A new report suggests certain motor insurers outperform their rivals by some distance despite the competitive nature of the market

Solvency II data suggest Acromas, Sabre and Admiral were the three best performers in the UK motor insurance market in the five years to 2020, outperforming their peers by some distance; seemingly leveraging specific but different competitive advantages respectively in a crowded market.

That is according to research from Litmus Analysis, a consultancy that provides ratings advice and analytical services to the insurance and reinsurance industries. The firm has conducted  a comprehensive review of the results of 26 UK & Gibraltar domiciled motor insurers in the five-year period using Solvency II data from AM Best*.

Litmus developed a UK Market Motor cohort of insurers to review carrier specific underwriting performance covering around 98% of UK motor GWP. One key focus was gross underwriting performance as this gives a fundamental perspective on the quality and volatility of an insurer’s book. This data had not been publicly available historically, but since 2016 has been required to be published under SII regulations.

Despite operating in such a crowded and competitive market, three players stood out from the crowd by some distance. Acromas and Sabre both posted a gross underwriting performance almost 20 percentage points better than the median of the cohort while Admiral (Gibraltar), Admiral’s largest carrier, excelled in its net underwriting performance, posting a result some 36 percentage points better than the median of its peers.

Acromas and Sabre posted an average gross loss ratio (GLR) over five years of 52.5% and 53.3% respectively. The cohort as a whole posted a median performance of 72.7% in the same period.

Both carriers have also proven to be very effective users of the motor reinsurance markets. Sabre’s 5-year net loss ratio (NLR) was an exceptional 45% despite a quite modest reinsurance spend. Acromas’ net ratio was minus (yes, minus)28%. On this net basis Admiral’s major, Gibraltar-based, carrier also delivered a stand-out result with a 5-yr. NLR of 33%. The median result for the cohort was 69%.

Acromas is owned by Saga, the specialist in delivering travel and personal finance products to people over 50. The demographic of this group and the deep connections the company has to its customers may explain its exceptional underwriting performance.

Sabre is a specialist motor insurer that, through various brands including Insure 2 Drive and Go Girl, targets higher-than-average premiums using data and sophisticated risk selection to deliver its market-beating underwriting performance.

Admiral (Gibraltar), the biggest of the standout performers by some distance, appears to be bolstered in its performance by a good relationship with its reinsurers. It shares 40% of its UK insurance risks with Great Lakes, a subsidiary of Munich Re.

Stuart Shipperlee, Managing Director, Litmus Analysis, said: “The data generated here will be fascinating to many in the market because it throws up several surprises around how the performance of insurers can vary dramatically in what many might have assumed was a relatively homogenous market.

“The type of gross loss ratios delivered here by Acromas and Sabre are not unheard of among small, niche players, but they become very challenging to deliver with greater premium volume as the opportunities to risk select to this apparent degree reduce. However, both carriers had gross written motor premiums in 2020 north of €180 million and so are achieved this at some reasonably significant business scale.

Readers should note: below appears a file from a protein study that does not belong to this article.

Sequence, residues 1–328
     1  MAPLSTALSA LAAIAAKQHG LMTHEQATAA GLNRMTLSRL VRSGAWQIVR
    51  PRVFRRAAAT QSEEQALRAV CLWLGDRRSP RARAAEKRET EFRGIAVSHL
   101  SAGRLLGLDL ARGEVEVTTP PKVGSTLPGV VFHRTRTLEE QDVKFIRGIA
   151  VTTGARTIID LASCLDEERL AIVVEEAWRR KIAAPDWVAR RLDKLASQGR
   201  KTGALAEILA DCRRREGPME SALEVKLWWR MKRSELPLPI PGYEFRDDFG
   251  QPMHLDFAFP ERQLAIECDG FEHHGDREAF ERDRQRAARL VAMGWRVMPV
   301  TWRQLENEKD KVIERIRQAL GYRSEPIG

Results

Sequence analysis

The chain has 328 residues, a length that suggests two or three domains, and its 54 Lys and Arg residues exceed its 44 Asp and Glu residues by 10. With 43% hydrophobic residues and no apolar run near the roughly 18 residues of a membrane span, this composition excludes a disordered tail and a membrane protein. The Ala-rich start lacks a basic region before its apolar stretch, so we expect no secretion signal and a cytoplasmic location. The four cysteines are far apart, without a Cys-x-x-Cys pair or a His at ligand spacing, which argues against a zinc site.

“Conversely, the underwriting opportunities that can come from smaller books even within larger insurance groups are highlighted by two UK motor books too small to make our cohort (below €50 million GWP)**. Motors Insurance delivered a 5-yr. GLR of 39.4% (€10 m of 2020 motor GWP) while Hiscox’s UK carrier came in with a 48% GLR average (€24 m of 2020 motor GWP).

 “The impact of reinsurance usage tells an interesting story. Comparing UK Insurance (third place in the 5-yr. GLR table but fifth on the NLR basis) with Admiral Gibraltar (by far the larger of the two Admiral carriers in our cohort) highlights the potential impact of reinsurance. UK Insurance gives up a couple of points in its 5-yr. NLR vs the GLR (as would be what one would commonly expect economically – assuming it is paying to reduce volatility). But Admiral Gibraltar gains a whopping 31%, reducing a 64% 5-yr. GLR to an NLR of 33%.

“Acromas and Admiral Gibraltar both cede a lot of their book (retention percentages in the mid-20s). In essence they are very substantially using their reinsurers’ capital to write the gross volumes that they do.

“Sabre, by contrast, retains over 90% of gross premium. We presume its protection buying focus is in handling the potential volatility from catastrophe losses and liability exposures”.

“The ceded loss ratios (CLRs) describe the underwriting result a carrier’s reinsurer(s) are, in the aggregate, achieving. The closer the CLR is to the GLR and the lower the cedant’s retention rate, the more the cedant/reinsurer relationship appears to reflect the sharing of loss frequency. Higher differences and retentions suggest the cedant is primarily buying protection against loss severity.”

To see this report with the accompanying tables visit: XXXX. To discuss either the report or Litmus’ underlying please use the email address below.

Stuart Shipperlee

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